Risk

8 Best Lighting Practices You May be Forgetting

March 23, 2021 | 3 min read
Lighting security

When business owners don’t tend to think of lighting as a security measure. Often, decision makers think of lighting as part of a site’s infrastructure, or as a secondary security measure.

That’s not the case. Lighting is the first line of defense when it comes to keeping your business safe. Lighting is important for so many reasons in security, but done wrong, lighting can encourage crimes or even obscure them.

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How to use lighting to protect your site

1. Lighting should define your boundaries

Lighting is more than a way to see in the dark – it should be a wall of light that defines the perimeter of your property. This serves a couple of purposes — people should be able to see where your property begins and ends. More importantly, anyone who enters your site will have to walk through the light to get on or off of your property. The rule of thumb here is that if it doesn’t look like a used car lot, there’s not enough light. You should also light the entire path someone needs to take to get into your building — many times lighting will be used to illuminate a building, but the path or stairs to get to the building are dark.

2. Use white light

Sodium Vapor or other similar orange lights used in parking lots and street lighting, can be a problem later, if you have to review security footage of an incident. Orange light can obscure the colors of vehicles, for example: gray can look like green or pink. That’s a problem if you are asking the police to look for a suspect. White light, which you can achieve for a lower cost with LED lights, can give you a truer hue. LEDs and not just bright but also energy efficient.

3. Replace lights when they go out

When a light goes out, make it a priority to replace it within a couple of days. Make sure you have replacement bulbs on site. A week is too long for a light to be out — it’s enough time for a criminal to notice the outage and use it to their advantage.

4. Overlap lights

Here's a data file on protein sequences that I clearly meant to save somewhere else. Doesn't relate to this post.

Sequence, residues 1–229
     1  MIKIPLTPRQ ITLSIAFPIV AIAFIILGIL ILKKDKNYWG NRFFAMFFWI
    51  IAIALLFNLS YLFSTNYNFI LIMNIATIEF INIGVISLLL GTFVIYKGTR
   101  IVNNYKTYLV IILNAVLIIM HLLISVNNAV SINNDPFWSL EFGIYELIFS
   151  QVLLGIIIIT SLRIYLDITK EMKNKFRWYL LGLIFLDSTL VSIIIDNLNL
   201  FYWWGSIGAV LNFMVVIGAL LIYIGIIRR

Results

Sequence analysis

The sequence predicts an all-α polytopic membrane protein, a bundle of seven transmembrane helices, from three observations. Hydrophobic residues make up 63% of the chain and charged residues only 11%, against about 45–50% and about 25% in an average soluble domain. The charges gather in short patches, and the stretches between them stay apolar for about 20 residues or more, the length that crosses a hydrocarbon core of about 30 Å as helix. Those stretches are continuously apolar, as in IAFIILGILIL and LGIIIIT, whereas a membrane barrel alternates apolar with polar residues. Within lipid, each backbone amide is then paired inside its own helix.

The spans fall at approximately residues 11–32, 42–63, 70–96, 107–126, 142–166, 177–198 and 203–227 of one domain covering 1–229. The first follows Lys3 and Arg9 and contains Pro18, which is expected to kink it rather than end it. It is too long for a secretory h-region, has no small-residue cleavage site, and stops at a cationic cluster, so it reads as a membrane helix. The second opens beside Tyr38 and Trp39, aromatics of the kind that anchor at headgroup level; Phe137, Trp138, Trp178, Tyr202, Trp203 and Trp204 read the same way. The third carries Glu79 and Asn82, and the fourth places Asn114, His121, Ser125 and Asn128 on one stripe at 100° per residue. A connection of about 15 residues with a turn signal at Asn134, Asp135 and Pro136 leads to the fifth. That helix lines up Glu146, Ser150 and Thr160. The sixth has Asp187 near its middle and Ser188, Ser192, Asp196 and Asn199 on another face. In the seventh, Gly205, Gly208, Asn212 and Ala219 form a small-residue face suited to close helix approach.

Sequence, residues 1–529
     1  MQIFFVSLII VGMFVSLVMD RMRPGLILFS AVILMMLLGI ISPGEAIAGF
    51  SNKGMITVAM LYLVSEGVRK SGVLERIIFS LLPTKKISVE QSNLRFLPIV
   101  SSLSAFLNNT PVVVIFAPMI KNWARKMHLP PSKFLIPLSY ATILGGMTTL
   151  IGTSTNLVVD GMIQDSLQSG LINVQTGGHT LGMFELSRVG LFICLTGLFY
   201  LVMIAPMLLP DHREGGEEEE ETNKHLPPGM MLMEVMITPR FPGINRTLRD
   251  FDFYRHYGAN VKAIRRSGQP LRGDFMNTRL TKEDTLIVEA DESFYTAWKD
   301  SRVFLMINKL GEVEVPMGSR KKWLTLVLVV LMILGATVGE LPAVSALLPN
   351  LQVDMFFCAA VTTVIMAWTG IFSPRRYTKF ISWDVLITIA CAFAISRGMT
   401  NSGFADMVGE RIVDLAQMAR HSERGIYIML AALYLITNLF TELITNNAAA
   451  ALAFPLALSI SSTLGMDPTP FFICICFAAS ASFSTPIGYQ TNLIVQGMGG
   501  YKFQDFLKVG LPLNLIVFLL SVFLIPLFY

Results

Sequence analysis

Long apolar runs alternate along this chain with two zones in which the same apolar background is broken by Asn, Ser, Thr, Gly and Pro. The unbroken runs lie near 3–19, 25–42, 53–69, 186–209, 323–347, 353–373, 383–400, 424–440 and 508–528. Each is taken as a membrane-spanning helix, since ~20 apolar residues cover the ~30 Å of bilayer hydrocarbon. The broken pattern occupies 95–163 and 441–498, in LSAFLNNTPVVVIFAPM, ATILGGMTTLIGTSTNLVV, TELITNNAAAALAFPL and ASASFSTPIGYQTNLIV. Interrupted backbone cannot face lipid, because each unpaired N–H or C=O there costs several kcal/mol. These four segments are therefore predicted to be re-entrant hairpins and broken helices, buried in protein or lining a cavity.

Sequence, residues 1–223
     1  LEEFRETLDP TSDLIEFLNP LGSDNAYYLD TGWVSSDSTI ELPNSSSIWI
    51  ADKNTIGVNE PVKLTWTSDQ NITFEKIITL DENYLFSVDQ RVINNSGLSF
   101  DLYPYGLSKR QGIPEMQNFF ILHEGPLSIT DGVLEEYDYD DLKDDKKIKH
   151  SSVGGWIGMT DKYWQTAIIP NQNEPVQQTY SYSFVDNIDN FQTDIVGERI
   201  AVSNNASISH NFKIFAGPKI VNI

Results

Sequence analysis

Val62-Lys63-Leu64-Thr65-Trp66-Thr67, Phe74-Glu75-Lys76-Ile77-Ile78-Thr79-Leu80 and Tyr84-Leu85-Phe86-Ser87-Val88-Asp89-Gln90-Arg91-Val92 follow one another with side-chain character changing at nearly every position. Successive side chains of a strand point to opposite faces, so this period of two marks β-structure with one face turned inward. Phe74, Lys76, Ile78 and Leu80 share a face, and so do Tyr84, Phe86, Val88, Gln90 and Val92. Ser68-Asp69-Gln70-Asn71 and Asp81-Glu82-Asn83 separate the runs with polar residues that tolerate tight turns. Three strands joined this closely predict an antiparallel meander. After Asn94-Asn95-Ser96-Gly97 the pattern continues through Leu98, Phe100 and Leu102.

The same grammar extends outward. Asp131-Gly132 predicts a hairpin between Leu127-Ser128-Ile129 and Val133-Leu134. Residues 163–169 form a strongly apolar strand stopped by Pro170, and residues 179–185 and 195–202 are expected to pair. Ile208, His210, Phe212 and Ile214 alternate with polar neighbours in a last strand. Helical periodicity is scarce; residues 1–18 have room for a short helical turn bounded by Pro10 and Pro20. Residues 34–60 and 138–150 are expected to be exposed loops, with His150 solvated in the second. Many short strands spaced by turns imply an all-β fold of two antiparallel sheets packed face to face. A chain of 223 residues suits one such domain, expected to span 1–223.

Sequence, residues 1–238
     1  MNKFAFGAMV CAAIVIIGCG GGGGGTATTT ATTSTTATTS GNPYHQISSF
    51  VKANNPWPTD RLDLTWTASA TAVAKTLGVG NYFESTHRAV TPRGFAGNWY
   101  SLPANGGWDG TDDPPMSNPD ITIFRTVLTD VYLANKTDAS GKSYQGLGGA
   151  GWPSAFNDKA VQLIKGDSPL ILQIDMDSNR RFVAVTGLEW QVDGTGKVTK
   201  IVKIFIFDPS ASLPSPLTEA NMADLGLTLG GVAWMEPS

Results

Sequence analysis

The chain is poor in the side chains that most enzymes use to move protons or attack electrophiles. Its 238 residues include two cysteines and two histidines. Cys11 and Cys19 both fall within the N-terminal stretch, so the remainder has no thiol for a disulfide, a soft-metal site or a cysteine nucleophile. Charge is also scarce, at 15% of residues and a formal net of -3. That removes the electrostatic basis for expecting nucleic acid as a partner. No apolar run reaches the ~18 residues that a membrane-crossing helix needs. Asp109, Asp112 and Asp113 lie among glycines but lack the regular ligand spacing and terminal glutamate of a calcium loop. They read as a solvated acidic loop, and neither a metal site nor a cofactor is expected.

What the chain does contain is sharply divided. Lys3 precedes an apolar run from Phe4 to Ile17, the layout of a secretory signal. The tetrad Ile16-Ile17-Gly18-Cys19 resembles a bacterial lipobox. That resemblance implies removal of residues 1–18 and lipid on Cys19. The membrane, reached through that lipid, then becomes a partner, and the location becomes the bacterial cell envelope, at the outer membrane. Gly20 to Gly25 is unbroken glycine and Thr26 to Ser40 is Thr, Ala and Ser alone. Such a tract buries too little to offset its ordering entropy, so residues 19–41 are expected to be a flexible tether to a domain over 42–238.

Every light should overlap with at least one other light. That way, if one light goes out, the area is still illuminated.

5. Don’t trust your eyes to tell you what your cameras see

There’s a simple test that will tell you if an area is too dark. Use your mobile phone to take a photo of the area. If you can’t see the photo well — if it’s too dark or grainy – you need more light. Your phone’s camera will show you what your monitors see.

6. Don’t neglect emergency lighting

Emergency lighting is critical inside a building. If power goes out, your people need to be able to know where the egress is, where fire extinguishers are and where other vital areas are. Shelters in place should also have emergency lighting; you don’t want your employees packed into a tight space in the dark.

7. Check your lighting on each camera

Your lights should be helping your cameras, not hindering them. Often, the two are installed separately, and this can cause problems. A light might blind a camera by shining directly into it, or an area might not be well-lit. Make sure your lights and cameras are working together.

8. Keep the lights on

If you’ve invested in lighting, the lights should be on all night, and if you’re a retail establishment, the interior lights should be on 24/7, so that no one can sneak inside unnoticed. If you’re concerned about your electricity, consider LED lights as a way to keep the lights on and save money.

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Make a plan to light your business

Darkness is a criminal’s friend. Good lighting does several jobs when it comes to protecting a site: it defines the borders of your site, deters bad actors, allows your cameras to do their jobs, and – of course — is your primary means of detecting a crime.

Do you need help evaluating the lighting at your site? Schedule your personalized demo today.

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